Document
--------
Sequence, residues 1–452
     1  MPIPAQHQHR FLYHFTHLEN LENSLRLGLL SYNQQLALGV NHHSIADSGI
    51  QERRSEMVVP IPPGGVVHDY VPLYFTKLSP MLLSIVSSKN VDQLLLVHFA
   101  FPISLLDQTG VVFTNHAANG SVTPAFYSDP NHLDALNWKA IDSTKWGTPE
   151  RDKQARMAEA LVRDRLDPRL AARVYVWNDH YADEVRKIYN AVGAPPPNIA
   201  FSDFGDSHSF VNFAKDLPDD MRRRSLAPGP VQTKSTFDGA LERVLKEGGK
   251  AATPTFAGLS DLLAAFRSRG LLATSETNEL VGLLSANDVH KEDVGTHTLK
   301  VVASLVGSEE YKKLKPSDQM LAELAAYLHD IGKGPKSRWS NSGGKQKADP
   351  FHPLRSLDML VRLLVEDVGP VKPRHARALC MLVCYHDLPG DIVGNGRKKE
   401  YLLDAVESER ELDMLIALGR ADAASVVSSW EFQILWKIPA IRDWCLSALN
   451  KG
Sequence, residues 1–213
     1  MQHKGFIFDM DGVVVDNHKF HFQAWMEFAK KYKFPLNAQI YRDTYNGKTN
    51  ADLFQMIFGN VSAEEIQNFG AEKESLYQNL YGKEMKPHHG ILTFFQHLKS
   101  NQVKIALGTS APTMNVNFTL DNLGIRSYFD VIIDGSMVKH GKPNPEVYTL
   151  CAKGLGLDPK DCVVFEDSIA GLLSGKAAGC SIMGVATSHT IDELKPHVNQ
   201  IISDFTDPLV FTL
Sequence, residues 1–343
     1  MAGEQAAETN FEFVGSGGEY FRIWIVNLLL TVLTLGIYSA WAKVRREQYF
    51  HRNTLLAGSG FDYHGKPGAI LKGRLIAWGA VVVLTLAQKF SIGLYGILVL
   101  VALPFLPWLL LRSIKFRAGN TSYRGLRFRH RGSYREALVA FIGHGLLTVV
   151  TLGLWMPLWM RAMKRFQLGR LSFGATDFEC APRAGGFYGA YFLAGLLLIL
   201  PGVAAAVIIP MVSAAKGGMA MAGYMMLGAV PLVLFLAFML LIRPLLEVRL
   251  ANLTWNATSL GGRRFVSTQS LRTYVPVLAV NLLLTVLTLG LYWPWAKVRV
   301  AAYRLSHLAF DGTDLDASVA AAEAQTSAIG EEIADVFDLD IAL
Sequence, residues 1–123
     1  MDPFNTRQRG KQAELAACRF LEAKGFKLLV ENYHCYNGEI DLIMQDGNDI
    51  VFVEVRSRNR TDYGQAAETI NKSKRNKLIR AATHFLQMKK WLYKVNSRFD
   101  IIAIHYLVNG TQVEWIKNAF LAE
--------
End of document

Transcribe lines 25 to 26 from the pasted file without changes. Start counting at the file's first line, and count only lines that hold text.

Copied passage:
   301  AAYRLSHLAF DGTDLDASVA AAEAQTSAIG EEIADVFDLD IAL
Sequence, residues 1–123